Dangers of Hazing

Wow, I knew hazing occurred at the lower levels of sport, but when I read about it happening at the professional level with the Miami Dolphins, I was surprised, expecting, well, professionalism, I suppose.

At the youth sport level, bully-behavior often begins as fun, disguised as just “kid being kids.” A fine line exists between some good-natured fun and early intimidating tactics. The problem is that what seems like fun to some is actually offensive to others.  Often things begin in a fun way, with knocking a players’ hat off or players snickering when another player does something incorrectly, but it can quickly get uglier, with those actions turning into pulling a players shorts down and making fun of players.

Português: Trote nos calouros (bixos) do Curso...

Hazing – Photo credit: Wikipedia)

Coaches must recognize these early signs and put an end to them immediately, so they prevent escalation into more serious negative behavior. Escalation into the realm of real trouble, with  parents and even lawyers getting involved, is not unheard of today, and makes for an ugly scenario all the way around. With that possibility, youth coaches should keep their guard up and nip any sign of hazing, no matter how innocuous in the bud.

Coaching suggestions to stop hazing in its tracks

1. At the preseason parents meeting, inform parents that any signs of intimidating behavior will not be tolerated. Without realizing it, some parents start the situation with telling their child to take no bull from any one and to be ready to show others how tough they are, opening the door for bullying behavior.

2. At the first day of team practice, express to players a no hazing rule.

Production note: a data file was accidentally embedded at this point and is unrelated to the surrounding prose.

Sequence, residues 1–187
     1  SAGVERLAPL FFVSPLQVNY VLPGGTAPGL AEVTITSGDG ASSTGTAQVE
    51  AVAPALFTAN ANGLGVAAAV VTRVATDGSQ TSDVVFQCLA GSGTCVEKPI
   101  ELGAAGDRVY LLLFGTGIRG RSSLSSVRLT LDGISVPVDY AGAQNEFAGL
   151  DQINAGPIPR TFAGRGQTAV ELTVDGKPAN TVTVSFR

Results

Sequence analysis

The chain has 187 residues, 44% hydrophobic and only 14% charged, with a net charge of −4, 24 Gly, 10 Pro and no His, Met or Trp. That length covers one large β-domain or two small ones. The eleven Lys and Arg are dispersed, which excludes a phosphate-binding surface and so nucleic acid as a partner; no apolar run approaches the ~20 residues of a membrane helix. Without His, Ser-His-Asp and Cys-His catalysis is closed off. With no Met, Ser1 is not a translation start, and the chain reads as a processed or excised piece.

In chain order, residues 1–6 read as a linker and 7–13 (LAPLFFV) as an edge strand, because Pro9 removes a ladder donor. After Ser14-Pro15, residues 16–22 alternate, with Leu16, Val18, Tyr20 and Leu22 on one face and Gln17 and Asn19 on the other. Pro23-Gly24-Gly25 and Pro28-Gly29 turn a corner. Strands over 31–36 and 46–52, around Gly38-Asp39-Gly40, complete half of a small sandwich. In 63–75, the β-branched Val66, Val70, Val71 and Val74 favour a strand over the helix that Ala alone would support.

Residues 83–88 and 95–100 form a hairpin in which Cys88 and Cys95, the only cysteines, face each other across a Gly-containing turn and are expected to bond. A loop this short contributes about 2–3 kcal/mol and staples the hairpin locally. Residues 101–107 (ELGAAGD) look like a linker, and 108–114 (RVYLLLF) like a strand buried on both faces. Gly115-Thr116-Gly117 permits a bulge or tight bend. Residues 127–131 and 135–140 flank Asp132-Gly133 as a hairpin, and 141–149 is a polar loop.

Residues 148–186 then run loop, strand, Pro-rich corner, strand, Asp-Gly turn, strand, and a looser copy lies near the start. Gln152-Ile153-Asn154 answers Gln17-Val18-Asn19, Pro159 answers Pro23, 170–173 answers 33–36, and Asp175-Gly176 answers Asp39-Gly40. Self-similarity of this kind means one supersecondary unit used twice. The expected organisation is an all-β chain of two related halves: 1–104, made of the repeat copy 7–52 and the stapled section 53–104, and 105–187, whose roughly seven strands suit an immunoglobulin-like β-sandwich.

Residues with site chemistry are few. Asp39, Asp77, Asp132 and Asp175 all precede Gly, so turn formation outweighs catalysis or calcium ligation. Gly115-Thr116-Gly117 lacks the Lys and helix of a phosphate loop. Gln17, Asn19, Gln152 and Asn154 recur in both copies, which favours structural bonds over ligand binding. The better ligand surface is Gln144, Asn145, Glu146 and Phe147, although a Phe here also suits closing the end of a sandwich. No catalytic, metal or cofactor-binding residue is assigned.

3. Inform players that the coaches want to know if another team member bothers them in any way.

4. Describe behavior not allowed, starting with a “hands off the other person policy,” followed by no knocking hats off, no cutting in lines, and no laughing at other players’ playing abilities.

5. A subtle sign of hazing is with words, less noticeable but with equally damaging effects. Coaches should have a “keep words to self” policy, also. Along those lines, a no swearing and a “no offensive talk about body parts” policy is necessary.

6. Watch for cliques forming, which, by their nature exclude others and is an even subtler sign of negative bullying behavior.

7. Talk to players individually to find out if anything is bothering them, especially with quiet players, and with players whose behavior seems to change during the season.

8.Coach with respect of players and talk to players about respect for teammates, parents, the opposition, and referees.

As mentioned, coaches often dismiss some things as kids just having fun but they should investigate further to be sure that is all it is. Additionally, coaches are in a difficult spot, when the abuser is a child of close friends or when the abuser is one of the best players on the team, but that is no excuse for inaction. Finally, a case could be made that if youth sports coaches do not allow hazing or bullying tactics, no matter how small, it would eventually end at the higher levels of sport.

 

 

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